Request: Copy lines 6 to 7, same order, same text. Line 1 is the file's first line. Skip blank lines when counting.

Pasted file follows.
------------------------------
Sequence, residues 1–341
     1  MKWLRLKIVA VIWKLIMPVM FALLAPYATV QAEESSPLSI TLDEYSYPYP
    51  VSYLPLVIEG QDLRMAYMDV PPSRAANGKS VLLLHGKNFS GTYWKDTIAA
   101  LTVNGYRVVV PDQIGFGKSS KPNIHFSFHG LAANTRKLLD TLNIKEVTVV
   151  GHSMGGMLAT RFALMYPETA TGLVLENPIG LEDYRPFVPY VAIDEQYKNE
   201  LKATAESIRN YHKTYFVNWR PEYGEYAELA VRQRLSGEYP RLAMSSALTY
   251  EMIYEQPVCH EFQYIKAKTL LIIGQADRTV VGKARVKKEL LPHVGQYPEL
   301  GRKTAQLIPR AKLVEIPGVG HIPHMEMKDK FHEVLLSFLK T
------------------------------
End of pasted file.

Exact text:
   201  LKATAESIRN YHKTYFVNWR PEYGEYAELA VRQRLSGEYP RLAMSSALTY
   251  EMIYEQPVCH EFQYIKAKTL LIIGQADRTV VGKARVKKEL LPHVGQYPEL